How to avoid the specter of decision fatigue

The past few months have been unusually busy for my husband, John, and me. We have decluttered our house, sold it, packed everything we own and moved to a different state. As we weed through all the boxes, it’s easy for us to get overwhelmed. Have you ever felt this way during life changes? Do you ever struggle to make simple decisions? There is a term for this challenge — “decision fatigue.”

Decision fatigue is the difficulty in making a good decision among the number of decisions needed. When the quantity and speed of decisions are overwhelming, the simplest request, like “What’s for dinner?” can set me over the edge.

My journey began four months ago when John and I entertained the idea of moving closer to family. Within a few weeks, we toured five homes in central Wisconsin before finding the perfect place. Once we submitted an offer on the new house, the realtors, bankers and insurance agents moved quickly to process the paperwork.

Here was the first moment I experienced decision fatigue.

Within two minutes, my realtor was calling me, my husband was texting me, an email arrived from my banker and my business phone was ringing. Everyone needed answers to their questions and every request was urgent. Do you want a home inspection? Who will do the septic inspection? When will your current home be listed? I felt like hyperventilating as more requests came bombarding me.

Ignoring the requests or putting the messages aside was not an option. I needed to figure out how to prioritize the questions, choose an answer and move on to the next need. The following phrases have become coping tools for John and me to keep moving forward.

“Just make a decision.”

I have opened many boxes this past week, looked at the contents, and then closed the box and set it aside. I didn’t want to decide what to do with the stuff inside the box. This habit doesn’t help in the unpacking process. The key is to make a decision the first time you handle the box so that you can remove the container from the pile.

Similar to your email inbox. Make a decision about the email the first time you open it. Otherwise, you will have an overcrowded inbox with undone projects. In other words, you will have clutter!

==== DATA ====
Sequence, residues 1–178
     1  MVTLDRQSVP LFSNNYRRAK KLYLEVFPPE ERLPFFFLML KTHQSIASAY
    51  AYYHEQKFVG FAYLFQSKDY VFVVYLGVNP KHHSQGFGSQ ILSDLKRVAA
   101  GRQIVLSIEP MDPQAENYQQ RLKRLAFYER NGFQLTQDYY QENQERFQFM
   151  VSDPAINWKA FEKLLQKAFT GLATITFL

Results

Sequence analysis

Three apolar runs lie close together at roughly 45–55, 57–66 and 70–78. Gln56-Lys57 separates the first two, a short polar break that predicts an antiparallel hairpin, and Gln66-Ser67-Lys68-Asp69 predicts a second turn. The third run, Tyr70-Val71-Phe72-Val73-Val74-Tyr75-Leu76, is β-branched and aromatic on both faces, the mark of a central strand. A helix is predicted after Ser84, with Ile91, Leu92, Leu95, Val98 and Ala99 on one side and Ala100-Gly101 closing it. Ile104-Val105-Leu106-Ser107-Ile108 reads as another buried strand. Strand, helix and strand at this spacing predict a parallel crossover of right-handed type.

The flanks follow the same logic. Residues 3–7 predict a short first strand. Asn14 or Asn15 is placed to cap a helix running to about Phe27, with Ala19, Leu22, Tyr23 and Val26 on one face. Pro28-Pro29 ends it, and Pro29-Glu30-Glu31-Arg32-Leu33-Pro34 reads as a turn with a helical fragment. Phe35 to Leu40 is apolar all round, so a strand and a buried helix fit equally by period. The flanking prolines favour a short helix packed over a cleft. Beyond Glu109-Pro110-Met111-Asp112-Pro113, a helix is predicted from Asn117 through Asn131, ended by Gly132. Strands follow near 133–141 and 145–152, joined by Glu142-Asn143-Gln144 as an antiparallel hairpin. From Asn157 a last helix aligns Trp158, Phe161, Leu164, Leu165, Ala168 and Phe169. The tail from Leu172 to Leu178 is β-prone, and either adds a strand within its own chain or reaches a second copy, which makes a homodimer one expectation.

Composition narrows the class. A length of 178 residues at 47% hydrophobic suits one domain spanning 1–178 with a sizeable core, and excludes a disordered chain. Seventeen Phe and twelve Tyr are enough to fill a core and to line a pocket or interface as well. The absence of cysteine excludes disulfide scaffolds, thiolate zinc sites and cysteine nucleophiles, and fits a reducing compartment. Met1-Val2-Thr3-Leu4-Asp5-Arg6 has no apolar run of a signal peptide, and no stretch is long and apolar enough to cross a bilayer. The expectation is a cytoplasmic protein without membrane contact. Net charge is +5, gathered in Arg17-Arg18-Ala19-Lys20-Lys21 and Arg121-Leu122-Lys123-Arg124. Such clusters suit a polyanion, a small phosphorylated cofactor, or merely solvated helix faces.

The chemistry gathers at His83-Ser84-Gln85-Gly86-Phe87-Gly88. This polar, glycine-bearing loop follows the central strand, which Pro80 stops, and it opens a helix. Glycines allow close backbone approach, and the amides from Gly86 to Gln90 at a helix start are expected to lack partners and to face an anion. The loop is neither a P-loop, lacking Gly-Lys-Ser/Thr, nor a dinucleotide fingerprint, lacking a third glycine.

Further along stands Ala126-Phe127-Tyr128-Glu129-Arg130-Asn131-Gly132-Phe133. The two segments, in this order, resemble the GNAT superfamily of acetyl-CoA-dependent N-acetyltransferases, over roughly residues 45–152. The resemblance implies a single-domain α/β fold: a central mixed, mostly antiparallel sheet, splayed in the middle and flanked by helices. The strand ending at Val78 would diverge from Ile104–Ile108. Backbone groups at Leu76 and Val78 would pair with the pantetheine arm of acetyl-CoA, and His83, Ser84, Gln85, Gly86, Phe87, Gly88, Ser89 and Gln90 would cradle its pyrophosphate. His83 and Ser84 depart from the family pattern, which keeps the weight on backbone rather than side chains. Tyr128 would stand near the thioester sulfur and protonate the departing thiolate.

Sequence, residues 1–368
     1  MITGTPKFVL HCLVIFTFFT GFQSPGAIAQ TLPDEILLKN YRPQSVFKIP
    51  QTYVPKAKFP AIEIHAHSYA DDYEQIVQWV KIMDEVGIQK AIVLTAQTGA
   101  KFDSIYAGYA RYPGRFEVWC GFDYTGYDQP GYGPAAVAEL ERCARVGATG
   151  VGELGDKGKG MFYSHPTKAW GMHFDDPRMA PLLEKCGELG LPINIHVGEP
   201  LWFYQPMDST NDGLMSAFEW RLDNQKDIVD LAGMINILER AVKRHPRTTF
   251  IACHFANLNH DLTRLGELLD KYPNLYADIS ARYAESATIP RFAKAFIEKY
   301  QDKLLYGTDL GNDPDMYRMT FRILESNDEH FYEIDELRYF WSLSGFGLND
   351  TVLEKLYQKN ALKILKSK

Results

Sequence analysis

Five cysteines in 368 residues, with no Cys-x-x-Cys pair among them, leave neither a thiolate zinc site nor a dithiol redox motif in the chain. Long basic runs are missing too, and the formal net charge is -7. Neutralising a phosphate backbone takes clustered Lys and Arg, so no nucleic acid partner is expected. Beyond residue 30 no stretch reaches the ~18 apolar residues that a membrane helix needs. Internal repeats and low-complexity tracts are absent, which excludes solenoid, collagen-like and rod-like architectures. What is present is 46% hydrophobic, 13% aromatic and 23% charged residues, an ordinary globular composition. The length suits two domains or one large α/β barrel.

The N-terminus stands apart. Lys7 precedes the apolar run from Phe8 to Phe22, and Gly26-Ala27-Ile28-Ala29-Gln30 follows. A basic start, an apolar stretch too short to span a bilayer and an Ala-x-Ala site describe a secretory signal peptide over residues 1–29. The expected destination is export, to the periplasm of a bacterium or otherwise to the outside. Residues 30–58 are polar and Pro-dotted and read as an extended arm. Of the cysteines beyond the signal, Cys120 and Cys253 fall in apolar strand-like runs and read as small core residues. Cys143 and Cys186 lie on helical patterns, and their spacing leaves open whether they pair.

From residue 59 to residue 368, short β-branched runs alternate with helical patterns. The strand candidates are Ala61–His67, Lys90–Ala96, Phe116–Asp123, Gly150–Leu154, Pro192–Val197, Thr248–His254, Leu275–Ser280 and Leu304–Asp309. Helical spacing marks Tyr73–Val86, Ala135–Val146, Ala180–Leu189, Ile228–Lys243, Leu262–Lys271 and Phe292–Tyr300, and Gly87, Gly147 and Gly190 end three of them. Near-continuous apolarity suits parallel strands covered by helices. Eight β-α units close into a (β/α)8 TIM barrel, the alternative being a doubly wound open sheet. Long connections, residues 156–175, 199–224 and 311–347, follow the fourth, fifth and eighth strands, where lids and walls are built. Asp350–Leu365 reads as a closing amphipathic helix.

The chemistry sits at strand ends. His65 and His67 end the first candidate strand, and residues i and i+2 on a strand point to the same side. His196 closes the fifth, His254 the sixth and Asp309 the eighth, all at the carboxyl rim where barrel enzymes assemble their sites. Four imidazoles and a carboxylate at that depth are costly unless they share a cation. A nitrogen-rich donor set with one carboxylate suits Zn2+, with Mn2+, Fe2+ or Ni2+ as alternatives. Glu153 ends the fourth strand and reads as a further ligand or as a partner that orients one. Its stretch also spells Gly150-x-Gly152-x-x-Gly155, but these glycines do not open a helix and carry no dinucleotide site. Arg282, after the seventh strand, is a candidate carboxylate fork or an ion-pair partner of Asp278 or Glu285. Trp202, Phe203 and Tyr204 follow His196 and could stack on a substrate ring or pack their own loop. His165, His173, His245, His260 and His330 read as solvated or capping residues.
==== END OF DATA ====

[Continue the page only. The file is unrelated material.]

“I’m frozen. Tell me what to do.”

Who are you partnering with during this journey in life? It might be a spouse, coworker, friend or stranger. We need people.

There have been many moments where John and I freeze with decision fatigue. We see all that needs to be done and try to make a decision, but we just can’t.

At this point, we say to the other, “Please just tell me what to do.” Normally neither of us likes to be told what to do however. In this example, we are giving permission to the other for the sake of productivity.

Not having to decide on what to do next, yet still making progress seems to rejuvenate us for the next decision.

“Unpack one box at a time.”

Earlier this week, I had an online meeting and could not find the power cord to my computer. I quickly opened multiple boxes, yet failed to find the needed tools. Thankfully my computer had enough power to get through the meeting.

Later in the day, rather than searching for one specific item, I gave myself 45 minutes to unpack a few boxes. Guess what I found? When I wasn’t panicked and rushed, I found the power cord in a random box.

When intimated and overwhelmed by the big picture, isolate and address one challenge at a time. It is impossible to take on everything at once. Why do we expect it from ourselves?

Focus on one box, empty the contents, choose where to put the items, break down the box, add it to the recycling pile and move on to the next box. Your pile will decrease with this approach.

“Treat yourself.”

There is a lot of work to do, but it can’t be all work and no play. I need something to look forward to in my day to keep me pressing forward. One reward is to follow a routine or habit I enjoy, like exercising. The healthy side effects keep me physically and mentally strong when I return to work.

Another treat is to rest. When the body is tired, the mind is weak and crabby. Take a power nap to rejuvenate your mind and body to conquer more boxes later.

To avoid decision fatigue means that I would miss out on life’s adventures. I prefer to embrace the opportunity to practice these coping skills, create a habit of decision making and welcome simple requests like, “What’s for dinner?”

If you’d like to see us in a frazzled and emotional state, plus learn how our brain works better during certain times of the day, check out podcast episode No. 160 at